Come much farther away in time, which also makes them more susceptible to things like inflation and interest rates. And that makes the whole S&P 500 index in some ways susceptible to those as well. Now, as I mentioned, these risks, I do want to emphasize that these are not bad businesses and they're not about to, you know, go under tomorrow or they're not like dot com companies with no profits. These companies are growing in a profitable way. But the way I think about active investing is more as an agile investor. So these are companies that we are invested in, but we are selective in how we are investing in these companies.

So, for example, we do own some of these names, but then there are others where we think either the fundamentals from a long-term perspective are not sustainable or there might be more competition. Those modes might be under threat. Or maybe from a valuation perspective that they are overextended. So we think about in our portfolio as being more agile and selective when it comes to these stocks, and then also look for opportunities beyond these seven in the other 493.

Which often have been ignored in this environment.

Stacie Jacobsen: All right, Shri. So you mentioned the three main risks, and I want to break those down for just a second. So your first one was about concentration, and then we talked about how those seven are highly correlated to each other, and then the premium valuation.

Can you take each one of those and give us a little bit more on that?

Shri Singhvi: Yes, absolutely. The first risk about concentration is that, you know, as I spoke about that, that these stocks are nearly 30 percent off S&P now. So in some ways your indexes performance, your portfolio's performance is pretty much driven by the direction of these stocks and a lot of other Stocks within technology sectors, which is beyond this is a much bigger sector.

A lot of, say for example, semiconductor stocks, software stocks are highly correlated to these stocks. So historically people have thought of these quality big companies could be more defensive, but going forward, if they are the drivers of the market and they drive the market down. The risk of the concentration is they will not be as defensive.

So that's one thing I want our clients and investors to be aware of. The second important thing is the correlations. And these stocks were highly correlated in 2023 and all of them significantly outperformed S&P 500. But these correlations of the past are not necessarily indicator of the future. So for example, in ‘24, we have already seen some of these correlations break down.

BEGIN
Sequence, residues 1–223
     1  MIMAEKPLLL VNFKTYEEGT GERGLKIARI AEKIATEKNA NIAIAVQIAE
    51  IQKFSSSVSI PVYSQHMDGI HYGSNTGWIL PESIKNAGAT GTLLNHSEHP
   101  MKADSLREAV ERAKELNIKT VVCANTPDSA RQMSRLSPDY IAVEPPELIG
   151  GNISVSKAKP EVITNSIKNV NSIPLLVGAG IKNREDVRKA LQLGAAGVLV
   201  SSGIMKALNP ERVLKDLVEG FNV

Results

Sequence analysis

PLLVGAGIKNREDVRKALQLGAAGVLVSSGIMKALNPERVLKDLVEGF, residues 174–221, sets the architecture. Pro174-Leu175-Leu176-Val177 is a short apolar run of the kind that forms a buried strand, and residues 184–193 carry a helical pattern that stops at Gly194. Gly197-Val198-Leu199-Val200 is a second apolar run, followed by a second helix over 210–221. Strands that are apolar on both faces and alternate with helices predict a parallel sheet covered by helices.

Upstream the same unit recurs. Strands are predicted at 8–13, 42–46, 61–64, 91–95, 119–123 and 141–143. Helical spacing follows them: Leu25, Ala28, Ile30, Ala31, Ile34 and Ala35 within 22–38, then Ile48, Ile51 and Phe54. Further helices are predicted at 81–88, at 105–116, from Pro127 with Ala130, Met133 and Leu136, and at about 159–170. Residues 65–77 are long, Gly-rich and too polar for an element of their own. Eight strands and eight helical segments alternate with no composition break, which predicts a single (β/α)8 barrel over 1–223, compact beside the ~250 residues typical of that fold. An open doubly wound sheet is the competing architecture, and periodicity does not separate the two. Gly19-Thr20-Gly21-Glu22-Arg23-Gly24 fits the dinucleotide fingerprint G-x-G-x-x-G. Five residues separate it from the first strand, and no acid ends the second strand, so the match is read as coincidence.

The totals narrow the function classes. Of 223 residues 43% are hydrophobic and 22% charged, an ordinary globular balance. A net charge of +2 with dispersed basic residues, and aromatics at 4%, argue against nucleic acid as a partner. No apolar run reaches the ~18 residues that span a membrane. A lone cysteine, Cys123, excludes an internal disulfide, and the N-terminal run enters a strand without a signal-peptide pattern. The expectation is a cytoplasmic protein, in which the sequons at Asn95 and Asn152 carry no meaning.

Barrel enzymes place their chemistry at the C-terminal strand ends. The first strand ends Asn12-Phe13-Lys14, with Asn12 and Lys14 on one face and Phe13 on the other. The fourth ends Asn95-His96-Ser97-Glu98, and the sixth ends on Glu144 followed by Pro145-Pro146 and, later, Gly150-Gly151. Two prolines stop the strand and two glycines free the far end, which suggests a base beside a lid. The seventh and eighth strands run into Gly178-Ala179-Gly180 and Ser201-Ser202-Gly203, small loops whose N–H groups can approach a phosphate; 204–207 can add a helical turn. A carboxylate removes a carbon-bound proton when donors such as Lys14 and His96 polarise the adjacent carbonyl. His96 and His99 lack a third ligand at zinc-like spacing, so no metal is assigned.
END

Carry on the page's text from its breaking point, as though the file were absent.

Now, ideally, that's a good environment as an active stock picker, because you can be selective in this group. And as an active manager, you can add value through stock selection. And the third piece I want to go back to is this concept. The valuation gap between this cohort of seven stocks and the premium they get because of their growth potential relative to the other 490 or so stocks in S&P 500 is about as wide as ever it has been.

And what that creates is that this group and S&P 500 is likely to be more sensitive to interest rates going forward. So particularly if there is any negative surprise on inflation being longer or interest rates being higher for longer, we will see that these can become risks for investors who are invested in these stocks.

Stacie Jacobsen: Got it. Thank you for breaking that down. As we were talking about active investors versus passive, I think we have to say that for active investors, the episodic return nature of the alpha seeking strategies does take some patience. So at a time when many investors might be thinking about passive style of investing, what words of encouragement can you give to investors that are staying in actively managed portfolios?

Shri Singhvi: So obviously, as we spoke about, when you get this kind of concentration and very narrow leadership where the biggest stocks do the best, the passive indices tend to outperform some of the active managers. But I would encourage investors to seek strategies. That are not just active, but also agile, which what I mean by that is that they're not trying to be different for difference sake.

One of the challenges that a lot of active managers have had recently is in their efforts to be different from the benchmark. They did not own enough of these companies that were levered to some of the most promising themes or even teams like AI. The way we would like to think about active investing is being agile.